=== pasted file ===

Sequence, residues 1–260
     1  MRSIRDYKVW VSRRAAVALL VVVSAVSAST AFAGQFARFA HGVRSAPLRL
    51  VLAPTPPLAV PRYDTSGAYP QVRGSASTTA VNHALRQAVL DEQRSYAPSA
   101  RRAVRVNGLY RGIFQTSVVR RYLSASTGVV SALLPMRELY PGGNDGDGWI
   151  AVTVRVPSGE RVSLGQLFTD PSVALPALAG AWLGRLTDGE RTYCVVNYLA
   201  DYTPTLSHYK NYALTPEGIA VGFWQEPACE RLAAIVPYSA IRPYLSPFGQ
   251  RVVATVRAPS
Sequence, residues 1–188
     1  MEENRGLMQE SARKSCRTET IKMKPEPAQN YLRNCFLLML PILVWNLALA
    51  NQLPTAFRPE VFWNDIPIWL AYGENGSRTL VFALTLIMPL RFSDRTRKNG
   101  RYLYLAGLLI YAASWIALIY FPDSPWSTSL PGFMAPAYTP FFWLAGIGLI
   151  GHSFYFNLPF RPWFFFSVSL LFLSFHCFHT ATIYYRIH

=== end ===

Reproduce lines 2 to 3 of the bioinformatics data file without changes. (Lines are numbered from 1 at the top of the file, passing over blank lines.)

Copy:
     1  MRSIRDYKVW VSRRAAVALL VVVSAVSAST AFAGQFARFA HGVRSAPLRL
    51  VLAPTPPLAV PRYDTSGAYP QVRGSASTTA VNHALRQAVL DEQRSYAPSA